Current Research

Cognitive and Language Abilities in Alzheimer’s disease

The purpose of this research project is to determine how declines in semantic memory impact language abilities. The results of this research will inform theories of discourse, as well as possibly improve the screening methods for neurocognitive impairments, such as Alzheimer’s disease.

Click here to participate in the research project, Cognitive and Language Abilities in Alzheimer’s disease.

Reading and Language Study for Older Adults

The purpose of this research is to understand how reading changes across the lifespan. The results of this study will inform theories on aging and reading.

Click here to participate in the research project, Reading and Language Abilities in Older Adults.

Discourse Abilities in Adults Across the Lifespan

The purpose of this research project is to determine whether age-related changes in discourse processes correspond to age-related changes in cognitive processes, such as attention and memory. The results of this research will inform theories of discourse and cognitive aging as well as provide a normative database for clinical application to individuals with communication disorders associated with aging disorders and acquired neurogenic communication disorders.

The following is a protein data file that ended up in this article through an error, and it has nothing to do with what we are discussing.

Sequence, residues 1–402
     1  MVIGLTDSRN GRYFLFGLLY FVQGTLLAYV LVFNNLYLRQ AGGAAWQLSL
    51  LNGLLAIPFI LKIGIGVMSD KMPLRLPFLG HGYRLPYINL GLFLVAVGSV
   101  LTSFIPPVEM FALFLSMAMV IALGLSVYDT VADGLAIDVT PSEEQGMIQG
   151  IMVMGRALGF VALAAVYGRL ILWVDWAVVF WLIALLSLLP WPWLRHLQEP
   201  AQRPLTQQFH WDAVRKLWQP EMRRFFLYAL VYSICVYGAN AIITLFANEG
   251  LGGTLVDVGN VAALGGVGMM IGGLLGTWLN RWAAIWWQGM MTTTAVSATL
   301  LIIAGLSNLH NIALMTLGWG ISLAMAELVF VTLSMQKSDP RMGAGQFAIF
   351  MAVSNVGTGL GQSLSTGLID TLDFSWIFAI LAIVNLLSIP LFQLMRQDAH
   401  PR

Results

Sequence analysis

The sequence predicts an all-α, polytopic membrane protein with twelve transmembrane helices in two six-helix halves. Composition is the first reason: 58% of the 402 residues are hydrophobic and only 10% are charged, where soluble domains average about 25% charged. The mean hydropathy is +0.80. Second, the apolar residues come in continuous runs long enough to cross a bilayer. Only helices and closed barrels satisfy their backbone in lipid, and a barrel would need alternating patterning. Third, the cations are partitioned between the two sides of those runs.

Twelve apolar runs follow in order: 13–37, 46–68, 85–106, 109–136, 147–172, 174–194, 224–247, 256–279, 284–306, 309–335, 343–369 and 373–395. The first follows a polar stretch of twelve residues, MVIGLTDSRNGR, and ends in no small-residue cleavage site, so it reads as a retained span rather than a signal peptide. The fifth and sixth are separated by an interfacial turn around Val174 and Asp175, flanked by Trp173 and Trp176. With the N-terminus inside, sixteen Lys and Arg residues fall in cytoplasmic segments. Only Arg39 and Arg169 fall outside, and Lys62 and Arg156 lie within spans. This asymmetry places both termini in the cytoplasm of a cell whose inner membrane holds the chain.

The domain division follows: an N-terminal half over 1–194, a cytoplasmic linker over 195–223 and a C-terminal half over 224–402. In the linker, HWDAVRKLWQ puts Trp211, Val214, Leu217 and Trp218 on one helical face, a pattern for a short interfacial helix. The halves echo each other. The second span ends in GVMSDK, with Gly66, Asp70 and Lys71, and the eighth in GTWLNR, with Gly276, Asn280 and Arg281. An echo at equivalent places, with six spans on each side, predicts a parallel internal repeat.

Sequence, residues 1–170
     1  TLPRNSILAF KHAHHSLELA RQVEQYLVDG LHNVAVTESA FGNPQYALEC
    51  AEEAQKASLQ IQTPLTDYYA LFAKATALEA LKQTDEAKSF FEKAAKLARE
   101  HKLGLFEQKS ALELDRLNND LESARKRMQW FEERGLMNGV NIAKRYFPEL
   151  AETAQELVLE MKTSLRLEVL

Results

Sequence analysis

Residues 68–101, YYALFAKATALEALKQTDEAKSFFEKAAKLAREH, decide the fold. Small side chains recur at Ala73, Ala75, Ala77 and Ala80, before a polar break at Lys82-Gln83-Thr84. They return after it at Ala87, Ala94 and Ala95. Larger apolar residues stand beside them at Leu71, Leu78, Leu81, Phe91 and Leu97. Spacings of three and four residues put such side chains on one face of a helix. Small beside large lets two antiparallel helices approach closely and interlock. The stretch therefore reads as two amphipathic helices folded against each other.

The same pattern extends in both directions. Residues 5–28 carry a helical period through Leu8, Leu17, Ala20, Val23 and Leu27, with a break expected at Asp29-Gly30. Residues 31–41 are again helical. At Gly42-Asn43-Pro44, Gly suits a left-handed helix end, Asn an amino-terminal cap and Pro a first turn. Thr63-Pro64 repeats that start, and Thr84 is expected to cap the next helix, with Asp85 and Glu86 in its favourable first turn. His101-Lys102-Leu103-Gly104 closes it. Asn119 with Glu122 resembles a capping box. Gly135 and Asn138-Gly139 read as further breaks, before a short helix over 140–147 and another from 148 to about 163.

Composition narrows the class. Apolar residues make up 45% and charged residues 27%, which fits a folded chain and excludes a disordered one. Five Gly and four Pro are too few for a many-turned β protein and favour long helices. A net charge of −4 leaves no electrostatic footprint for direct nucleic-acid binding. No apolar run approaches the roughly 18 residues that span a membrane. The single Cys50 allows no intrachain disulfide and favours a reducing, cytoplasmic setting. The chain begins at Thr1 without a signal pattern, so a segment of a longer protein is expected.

Click here to participate in the research project, Discourse Abilities in Adults Across the Lifespan.

Cognitive and Language Abilities in Adults with Aphasia

Adults with aphasia have communication difficulties that span across both their ability to speak as well as understand language. The purpose of this research project is to identify how cognitive processes, such as attention and memory, interact with language in adults with aphasia. The results of this research will inform our understanding of how cognitive attention and memory impact communication abilities in adults with aphasia and may contribute to advances in treatment strategies for aphasia.

Click here to participate in the research project, Cognitive and Language Abilities in Adults with Aphasia.